In The Hunger Games, the oppressive state of Panem enforces the obedience of the citizenry via an annual contest where each of the country's 12 districts must send one boy and one girl between the ages of 12 and 18 to compete in a battle to the death, which is then broadcast to the whole country as a reality TV show. The story borrows considerably from the myth of Theseus and the Minotaur, but what it really belongs to is the fine old literary tradition of stories about kids murdering one another. Wait, what? Yes. There are enough novels about kids killing other kids to qualify the topic as a genre. And most of them were turned into movies—the better to watch the carnage. Are we a society of sick bastards? Maybe. Let's take a close look at five of The Hunger Games' forebearers and ask: How much inspiration did they provide? How does the violence compare? And most importantly, would Katniss Everdeen survive their killer kids?
Lord of the Flies by William Goldman (1954)
The plot: Having been evacuated from Britain during a nuclear war, a plane full of 12-year-old schoolboys crashes on a desert island. At first, the boys attempt to create something close to a functional government. However, selfishness and jealousy take hold and they ultimately fraction into warring camps fighting over access to resources. Lord of the Flies is an examination of the innate character of human beings: are we deep down basically good or are we animals living under a legal fiction that keeps our basest instincts in check? Spoiler alert: We will eventually gang up on one another and commit heinous acts of murder, choir exercises and glasses-theft.
Definitive film version: No film has managed to do justice to this story, but the 1990 version starring a young Balthazar Getty is notorious for making the kids American and slipping in references to Alf.
Hunger Games Derivation Quotient: 2/10. Goldman's tale is the Epic of Gilgamesh of kids-on-kids-violence stories, by which I mean it's the oldest of the old, and you probably only claim to have read it. It managed to both create the genre and set its tone, introducing a post-apocalyptic setting, and the dissonant concept of innocent young children killing one another, that are the trope's almost universal constants. But unlike later stories in the genre, which emphasize that violence is a symbol and symptom of political oppression, here, the culprit is the lack of any government whatsoever.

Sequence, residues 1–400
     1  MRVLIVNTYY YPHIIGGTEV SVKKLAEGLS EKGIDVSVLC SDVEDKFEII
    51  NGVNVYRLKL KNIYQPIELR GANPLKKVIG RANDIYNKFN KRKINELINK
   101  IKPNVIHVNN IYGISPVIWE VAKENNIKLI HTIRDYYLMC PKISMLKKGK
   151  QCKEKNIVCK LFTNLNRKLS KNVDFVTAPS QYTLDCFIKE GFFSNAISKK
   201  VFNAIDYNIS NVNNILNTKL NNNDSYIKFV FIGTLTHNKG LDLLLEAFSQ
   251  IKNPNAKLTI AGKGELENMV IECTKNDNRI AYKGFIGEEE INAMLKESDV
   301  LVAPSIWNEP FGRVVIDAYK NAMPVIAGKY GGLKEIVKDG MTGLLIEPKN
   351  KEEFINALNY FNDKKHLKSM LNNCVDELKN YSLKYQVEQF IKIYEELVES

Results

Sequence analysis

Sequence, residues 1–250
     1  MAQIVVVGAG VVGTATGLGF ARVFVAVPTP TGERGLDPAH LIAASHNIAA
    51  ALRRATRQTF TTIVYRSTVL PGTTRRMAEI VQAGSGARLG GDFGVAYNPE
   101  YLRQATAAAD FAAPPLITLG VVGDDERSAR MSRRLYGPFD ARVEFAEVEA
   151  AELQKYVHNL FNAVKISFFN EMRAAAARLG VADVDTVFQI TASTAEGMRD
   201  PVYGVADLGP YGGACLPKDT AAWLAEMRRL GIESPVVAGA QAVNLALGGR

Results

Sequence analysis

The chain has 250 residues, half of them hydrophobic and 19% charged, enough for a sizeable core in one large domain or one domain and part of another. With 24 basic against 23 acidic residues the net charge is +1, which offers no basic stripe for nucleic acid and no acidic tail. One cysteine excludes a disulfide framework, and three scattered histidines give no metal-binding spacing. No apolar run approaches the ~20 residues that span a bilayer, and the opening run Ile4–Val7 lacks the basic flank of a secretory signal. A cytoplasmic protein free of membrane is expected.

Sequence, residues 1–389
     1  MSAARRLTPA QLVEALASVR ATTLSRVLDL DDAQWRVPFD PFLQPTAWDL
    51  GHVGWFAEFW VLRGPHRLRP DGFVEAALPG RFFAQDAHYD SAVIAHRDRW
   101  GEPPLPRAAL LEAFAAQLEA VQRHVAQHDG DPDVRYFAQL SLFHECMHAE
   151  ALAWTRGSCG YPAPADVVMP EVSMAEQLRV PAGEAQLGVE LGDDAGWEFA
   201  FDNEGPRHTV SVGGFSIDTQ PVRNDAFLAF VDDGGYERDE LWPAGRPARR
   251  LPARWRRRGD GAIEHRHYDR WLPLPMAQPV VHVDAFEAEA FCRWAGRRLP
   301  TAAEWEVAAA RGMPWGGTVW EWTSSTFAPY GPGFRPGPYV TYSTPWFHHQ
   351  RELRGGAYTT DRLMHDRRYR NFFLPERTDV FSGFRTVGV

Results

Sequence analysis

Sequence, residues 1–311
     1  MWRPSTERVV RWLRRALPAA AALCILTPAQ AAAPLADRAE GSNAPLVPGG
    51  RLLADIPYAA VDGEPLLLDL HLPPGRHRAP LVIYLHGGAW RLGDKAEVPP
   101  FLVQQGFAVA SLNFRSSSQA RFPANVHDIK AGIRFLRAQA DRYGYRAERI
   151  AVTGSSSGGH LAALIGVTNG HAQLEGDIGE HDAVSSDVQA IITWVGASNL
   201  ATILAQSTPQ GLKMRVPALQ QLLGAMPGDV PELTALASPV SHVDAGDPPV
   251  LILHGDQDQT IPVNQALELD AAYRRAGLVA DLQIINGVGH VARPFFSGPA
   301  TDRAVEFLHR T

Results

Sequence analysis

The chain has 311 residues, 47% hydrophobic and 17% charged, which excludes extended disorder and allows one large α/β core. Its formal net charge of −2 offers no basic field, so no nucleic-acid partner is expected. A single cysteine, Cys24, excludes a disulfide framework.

Katniss Everdeen Survival Likelihood: 7/10. These pampered British school boys have never known anything but plenty and clumsily figure out how to survive on their own. It's true these choir boys can out-sing her, but Katniss would make kebabs of them before they got the chance thanks to her superior ability with improvised weaponry. If they found themselves as participants in the Hunger Games, she wins handily within five hours.
A Clockwork Orange by Anthony Burgess (1962)
The Plot: A Clockwork Orange depicts a dystopian society in which law and order have completely broken down and roving gangs of teenage boys roam Britain looking for opportunities to rape, murder and rob. The protagonist, a 14-year-old named Alex, is eventually arrested for murder, sent to prison and subjected to an experimental procedure that forcibly turns people "good" by robbing them of free will. Released back into the general population, Alex is subjected to escalating revenge from his former victims until he becomes a near-martyr for the antigovernment cause, for which he is given a cure to the procedure and a pardon. The most chilling bit? The ultimate message is that teenage boys are scum. No, seriously. Alex doesn't stop being a violent criminal until he simply grows out of it as he approaches maturity.
Definitive film version: Stanley Kubrick's 1971 adaptation starring Malcolm McDowell. It turned Beethoven's 9th Symphony into the creepiest composition in history.